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This 16x2 LCD is too traditional and still very much popular in the world of electronics and embedded system. I remember I started programming on PIC for displaying text on these LCDs around 8 years ago. Now I just found one of these LCD from my junk box and want to try it out because it is nostalgic. It reminded me the 4 bit data lines plus additional 2 control pins, a total of 6 minimum signal pins and obviously additional 2 mandatory power wires +5v and GND, so a total of 8 wires. If this display is designed in 2019, for sure it will have only Vcc, GND and a single wire data pin or in worst case the 2 wire i2c or TWI.

Then I just thought why even 1 wire for data? Because we can easily multiplex the 1 wire data line with the Vcc line by keeping a diode + capacitor combination towards the LCD power supply pin.
I am using an arduino board to do the serial to parallel conversion + some packet parsing and lcd backlight brightness control. I am not a huge fan of Arduino but for this simple proof of concept, I don’t want to bring out a Makefile folder with muliple files. I picked the Arduino UART RX as the serial receiver. RX pin is connected directly to the input Vcc, but before the schottky diode. After the diode a capacitor is used to hold the DC voltage when the Vcc gets modulated with the UART TX of the other end. Better explained in the below pic.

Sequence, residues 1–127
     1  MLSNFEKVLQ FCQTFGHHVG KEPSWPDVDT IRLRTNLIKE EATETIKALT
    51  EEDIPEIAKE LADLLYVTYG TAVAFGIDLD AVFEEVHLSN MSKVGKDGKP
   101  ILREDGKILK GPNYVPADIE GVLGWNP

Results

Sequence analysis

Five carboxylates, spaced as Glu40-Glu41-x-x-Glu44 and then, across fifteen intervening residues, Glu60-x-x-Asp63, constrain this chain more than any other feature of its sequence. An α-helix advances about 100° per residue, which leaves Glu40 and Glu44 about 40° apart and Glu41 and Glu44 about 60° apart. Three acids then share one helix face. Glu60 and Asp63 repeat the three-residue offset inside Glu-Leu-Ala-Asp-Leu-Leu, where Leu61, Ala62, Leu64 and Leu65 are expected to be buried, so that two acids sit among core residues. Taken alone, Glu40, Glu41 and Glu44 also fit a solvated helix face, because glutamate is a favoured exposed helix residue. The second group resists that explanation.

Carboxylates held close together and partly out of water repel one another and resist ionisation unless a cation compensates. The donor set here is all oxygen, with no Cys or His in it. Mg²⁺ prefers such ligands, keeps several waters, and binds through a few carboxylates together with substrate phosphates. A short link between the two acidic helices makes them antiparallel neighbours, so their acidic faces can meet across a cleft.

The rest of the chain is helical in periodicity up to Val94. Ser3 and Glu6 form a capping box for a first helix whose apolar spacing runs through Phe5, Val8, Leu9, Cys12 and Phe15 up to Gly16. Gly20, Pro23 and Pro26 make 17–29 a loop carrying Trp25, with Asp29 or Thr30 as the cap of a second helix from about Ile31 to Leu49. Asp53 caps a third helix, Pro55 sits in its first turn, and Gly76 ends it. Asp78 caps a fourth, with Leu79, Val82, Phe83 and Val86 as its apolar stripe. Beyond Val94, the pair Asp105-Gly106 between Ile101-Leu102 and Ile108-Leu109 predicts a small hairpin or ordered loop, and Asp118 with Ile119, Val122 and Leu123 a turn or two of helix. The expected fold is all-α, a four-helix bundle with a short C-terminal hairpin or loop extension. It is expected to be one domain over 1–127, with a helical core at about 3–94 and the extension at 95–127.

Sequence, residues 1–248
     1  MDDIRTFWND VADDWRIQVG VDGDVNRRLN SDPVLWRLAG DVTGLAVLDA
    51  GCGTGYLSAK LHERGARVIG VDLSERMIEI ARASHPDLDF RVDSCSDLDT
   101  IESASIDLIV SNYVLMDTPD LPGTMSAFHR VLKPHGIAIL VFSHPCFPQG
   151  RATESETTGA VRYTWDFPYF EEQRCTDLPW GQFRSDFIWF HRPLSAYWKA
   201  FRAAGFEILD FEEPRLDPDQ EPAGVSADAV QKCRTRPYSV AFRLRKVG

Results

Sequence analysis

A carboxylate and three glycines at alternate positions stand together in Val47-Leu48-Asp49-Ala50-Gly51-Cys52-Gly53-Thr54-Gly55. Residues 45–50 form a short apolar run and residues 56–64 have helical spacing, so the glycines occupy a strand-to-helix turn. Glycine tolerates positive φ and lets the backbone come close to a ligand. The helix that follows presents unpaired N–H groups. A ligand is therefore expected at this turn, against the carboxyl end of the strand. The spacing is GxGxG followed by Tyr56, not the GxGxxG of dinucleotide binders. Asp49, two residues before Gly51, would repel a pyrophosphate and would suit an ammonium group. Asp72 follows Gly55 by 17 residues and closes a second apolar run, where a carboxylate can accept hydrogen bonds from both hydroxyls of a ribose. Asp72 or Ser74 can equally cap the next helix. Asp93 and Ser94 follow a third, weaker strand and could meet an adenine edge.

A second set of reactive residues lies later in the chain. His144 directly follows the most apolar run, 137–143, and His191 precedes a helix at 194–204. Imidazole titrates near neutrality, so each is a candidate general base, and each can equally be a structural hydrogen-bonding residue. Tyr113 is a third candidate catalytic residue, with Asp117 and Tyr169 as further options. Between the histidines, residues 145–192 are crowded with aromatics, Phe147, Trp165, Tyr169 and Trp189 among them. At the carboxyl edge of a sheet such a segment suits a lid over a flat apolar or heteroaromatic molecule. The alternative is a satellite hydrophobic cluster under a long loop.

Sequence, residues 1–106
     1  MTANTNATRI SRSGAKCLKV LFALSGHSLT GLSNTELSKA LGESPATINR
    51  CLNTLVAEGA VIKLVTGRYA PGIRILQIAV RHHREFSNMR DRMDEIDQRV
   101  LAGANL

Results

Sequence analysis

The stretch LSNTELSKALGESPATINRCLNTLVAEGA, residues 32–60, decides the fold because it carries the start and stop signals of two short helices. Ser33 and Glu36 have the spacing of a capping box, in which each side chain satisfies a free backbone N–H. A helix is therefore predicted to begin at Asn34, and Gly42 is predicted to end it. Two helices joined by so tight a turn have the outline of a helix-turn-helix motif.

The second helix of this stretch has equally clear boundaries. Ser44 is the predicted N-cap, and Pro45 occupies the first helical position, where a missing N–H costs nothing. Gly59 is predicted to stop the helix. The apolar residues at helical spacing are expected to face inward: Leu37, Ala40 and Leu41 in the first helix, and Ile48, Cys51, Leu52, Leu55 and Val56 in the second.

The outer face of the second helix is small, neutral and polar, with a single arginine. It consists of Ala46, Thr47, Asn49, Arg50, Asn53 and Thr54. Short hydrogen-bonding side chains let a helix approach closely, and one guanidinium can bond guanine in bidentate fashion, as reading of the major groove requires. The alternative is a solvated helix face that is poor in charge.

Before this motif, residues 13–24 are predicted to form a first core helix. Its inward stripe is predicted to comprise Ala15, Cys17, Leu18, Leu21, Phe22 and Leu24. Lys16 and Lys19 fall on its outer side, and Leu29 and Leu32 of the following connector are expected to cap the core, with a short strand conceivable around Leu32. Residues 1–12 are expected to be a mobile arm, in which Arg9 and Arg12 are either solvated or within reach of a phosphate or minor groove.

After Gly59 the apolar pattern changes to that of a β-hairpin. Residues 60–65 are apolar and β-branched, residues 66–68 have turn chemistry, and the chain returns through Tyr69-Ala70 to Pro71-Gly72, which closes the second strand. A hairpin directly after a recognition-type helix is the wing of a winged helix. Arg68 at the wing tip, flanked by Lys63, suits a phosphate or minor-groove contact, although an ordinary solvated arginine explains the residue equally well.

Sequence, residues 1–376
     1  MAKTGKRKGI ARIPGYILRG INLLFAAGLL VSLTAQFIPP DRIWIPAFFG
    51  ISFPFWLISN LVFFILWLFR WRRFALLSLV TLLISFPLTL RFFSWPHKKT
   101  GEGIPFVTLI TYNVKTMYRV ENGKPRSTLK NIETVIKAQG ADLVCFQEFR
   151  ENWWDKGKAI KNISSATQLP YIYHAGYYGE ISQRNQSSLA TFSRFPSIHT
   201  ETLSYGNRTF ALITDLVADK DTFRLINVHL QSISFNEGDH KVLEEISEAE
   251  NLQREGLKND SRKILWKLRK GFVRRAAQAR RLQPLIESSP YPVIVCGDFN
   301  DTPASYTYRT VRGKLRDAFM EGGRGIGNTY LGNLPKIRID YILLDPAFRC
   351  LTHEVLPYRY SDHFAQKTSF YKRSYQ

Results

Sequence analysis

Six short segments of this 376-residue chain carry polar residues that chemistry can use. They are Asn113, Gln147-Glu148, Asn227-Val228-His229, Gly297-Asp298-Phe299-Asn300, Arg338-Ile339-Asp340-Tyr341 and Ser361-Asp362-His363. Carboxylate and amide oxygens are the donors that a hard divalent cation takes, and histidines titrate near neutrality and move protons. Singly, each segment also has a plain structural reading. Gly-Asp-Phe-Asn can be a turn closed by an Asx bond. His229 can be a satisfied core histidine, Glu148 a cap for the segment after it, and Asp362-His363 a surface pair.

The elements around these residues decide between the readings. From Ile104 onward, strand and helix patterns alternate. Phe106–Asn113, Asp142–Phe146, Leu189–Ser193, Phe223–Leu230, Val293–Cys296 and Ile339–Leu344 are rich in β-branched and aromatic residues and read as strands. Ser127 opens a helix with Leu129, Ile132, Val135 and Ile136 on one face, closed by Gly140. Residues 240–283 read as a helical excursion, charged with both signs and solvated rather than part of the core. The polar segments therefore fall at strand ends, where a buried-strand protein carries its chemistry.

I haven’t written any LCD related initialization in the arduino, I just used it for serial to parallel converter + backlight LED contrast control. So the entire display initialization could be sent from current-buffered UART port. There are 4 types of single byte commands which is implemented inside the arduino.

(x is lower nibble, command is higher nibble)
0xA[x] where x is the lower nibble which will be placed on LCD pins 4 to 7
0xB[x] where if x is 1, RS will be SET HIGH, if zero, RS will be cleared or SET LOW.
0xC[x] where if x is 1, EN will be SET HIGH, if zero, EN will be cleared or SET LOW.
0xD[x] where if x is PWM value for LED backlight, its range is from 0 to 15 where it gives max brightness at 15.

I am using a USB to UART converter to connect the device to my laptop. A python script is doing the lcd initialization and data streaming. A small modulator circuit is used to convert the UART TX low power signal to a power signal which can load high current. I cannot use the TX pin as it is because it cannot load the current which is required to operate the LCD with backlight. So this buffer circuit is used and I am using 9600 baudrate so that the 2.2K resistor is low enough to maintain the fall time when the output stage MOSFET is OFF.”

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